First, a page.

This article is taken from the August/September 2021 issue of The Critic. To get the full magazine why not subscribe? Right now we’re offering five issue for just £10.
We have a new national religion. No, not that one, God bless it with its shiny new George Cross. The ways in which that institution is supposed to have taken on the character and nature of Our State Church is not a new thought. Our new religion is of a very different nature. In truth, it’s not that new either, but not being a devotee, it only really struck me last month when I noticed that it had developed its own versicles and responses. They’re not very subtle, and I imagine they will develop with time, but the content of the exchange was clear:
V: It’s coming home.
R: It’s coming home.
When I heard them, they were said in subtly different tones, in this case the first was assertive and the second reassuring, but there are many variations. This Lesser Litany was heard across the nation over the last month, and has, of course, been put to music by our latter-day court composers Baddiel and Skinner.
There’s something cultic about the way these young players are lionised, then sacrificed
And this is not the only music dedicated to our new devotions. Many other anthems — high status (“Vindaloo”) and low (“Ten German Bombers”) — were being roared out in pubs and stadiums every time we met to celebrate our new mysteries. I couldn’t help but note that in the ancient halls erected to that more timeless deity (to which I have rather optimistically pledged my life), it was at that point forbidden for us to sing even a verse of “Bread of Heaven”, even quietly behind our masks. But this is really just the bitterness of old believers at the triumph of the new.
The special rights granted by a government eager to please the devotees of the Beautiful Game did bring to mind the old Privilege of Clergy, as did the arrival of that horde of modern clerisy, UEFA’s grandees and all the VIPs in their wake, permitted to ignore the rules of quarantine which are otherwise fiercely applied by the agents of the state. The mediæval church looks on with longing eyes.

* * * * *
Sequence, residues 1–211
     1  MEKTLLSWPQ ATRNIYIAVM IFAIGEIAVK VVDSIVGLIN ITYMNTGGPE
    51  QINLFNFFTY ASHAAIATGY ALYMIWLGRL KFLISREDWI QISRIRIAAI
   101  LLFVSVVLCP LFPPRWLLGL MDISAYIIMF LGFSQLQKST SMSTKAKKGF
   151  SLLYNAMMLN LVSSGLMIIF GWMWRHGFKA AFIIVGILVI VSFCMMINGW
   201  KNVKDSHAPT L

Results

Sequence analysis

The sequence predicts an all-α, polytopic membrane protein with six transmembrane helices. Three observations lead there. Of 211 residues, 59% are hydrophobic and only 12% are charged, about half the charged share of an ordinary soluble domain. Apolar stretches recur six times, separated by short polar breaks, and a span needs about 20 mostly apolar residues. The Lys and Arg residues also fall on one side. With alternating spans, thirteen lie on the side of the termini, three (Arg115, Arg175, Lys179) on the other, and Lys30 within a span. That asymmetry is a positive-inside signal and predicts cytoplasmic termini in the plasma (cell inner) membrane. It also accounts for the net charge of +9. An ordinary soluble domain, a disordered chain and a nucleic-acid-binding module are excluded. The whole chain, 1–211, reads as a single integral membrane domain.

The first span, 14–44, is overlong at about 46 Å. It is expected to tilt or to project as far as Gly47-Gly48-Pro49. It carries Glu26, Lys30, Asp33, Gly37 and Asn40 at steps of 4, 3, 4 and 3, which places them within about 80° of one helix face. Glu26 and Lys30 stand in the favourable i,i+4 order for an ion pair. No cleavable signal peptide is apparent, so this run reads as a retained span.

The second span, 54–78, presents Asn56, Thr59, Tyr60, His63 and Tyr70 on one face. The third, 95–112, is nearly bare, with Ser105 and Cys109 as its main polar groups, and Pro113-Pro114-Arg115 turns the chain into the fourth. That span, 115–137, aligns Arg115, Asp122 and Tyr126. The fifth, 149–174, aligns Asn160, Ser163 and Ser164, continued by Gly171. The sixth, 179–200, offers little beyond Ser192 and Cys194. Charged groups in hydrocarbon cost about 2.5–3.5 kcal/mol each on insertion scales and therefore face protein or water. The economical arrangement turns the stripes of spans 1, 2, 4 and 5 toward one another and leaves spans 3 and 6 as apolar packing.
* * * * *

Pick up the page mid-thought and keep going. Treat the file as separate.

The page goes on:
Alongside the privileges of the administrative clergy, though, is the curious nature of our relationship with the players themselves. They remind me less of the priests of the Middle Ages than of the child sacrifices of the Incan religion: fattened up and treated as gods in good times, but slaughtered to appease the gods in bad.
There is something cultic about the way these young men are lionised, then turned on, and my heart could only go out to my illustrious and Godfearing (in the proper sense of the word) namesake Marcus Rashford after his treatment at the hands of his fans after that final match.
And Marcus Rashford brings us to another factor: the development of an ethical code. This code seems to be part of a wider reformation of manners and ethics which is going on in the West (for better or worse) but the code is clear: there are ritual actions (such as taking the knee) and vestments (such as rainbow armbands) which signify assent, and there are heretics and sinners whose failure to ascribe to this code justifies their exclusion from the temple — some for a season, and some forever.
But this new code is where our new state cult has to tread very carefully. Every religion comes up against claims of hypocrisy. It’s part of the deal when mediating ideals against human nature. All religions also come up against the age-old battle between their need for filthy lucre and their ethical code, and many fall very far short in the mediation of that conflict.
Hypocrisy damages what you hold dear
And so even shall soccer. Next year the prospect of financial reward (and the passion of the devoted fans) will see our idols kneeling, in a gesture which began as an act of solidarity with victims of American racism, themselves so often the descendants of slaves. Our footballers will be kneeling in stadia built by actual, real, modern day slaves, more than 6,000 of whom are thought to have died in the building work associated with the World Cup.
I also suspect they will not wear rainbow armbands, nor rainbow shoelaces, in a country where homosexual fans face three years in prison should they be caught having sex (and any Muslim fans face the death penalty for any extramarital sex with anyone of either sex).
This hypocrisy matters, as it matters when the church preaches against the gig economy but advertises for “gig economy priests” or sings the praises of immigration as its dioceses refuse to process visa applications for priests from overseas. Hypocrisy matters not just because it makes you look awful but because it damages the causes you hold dear.
As our national religion develops its creeds and its codes and its ethics, I will be interested to watch from the outside how it negotiates these rapids and whether the adoring worshipers stop to ask how much integrity its new clergy possess or whether its idols have feet of clay. I rather hope they will, because football as a beautiful game is rather charming; football as a moralising pseudo-religion is not.
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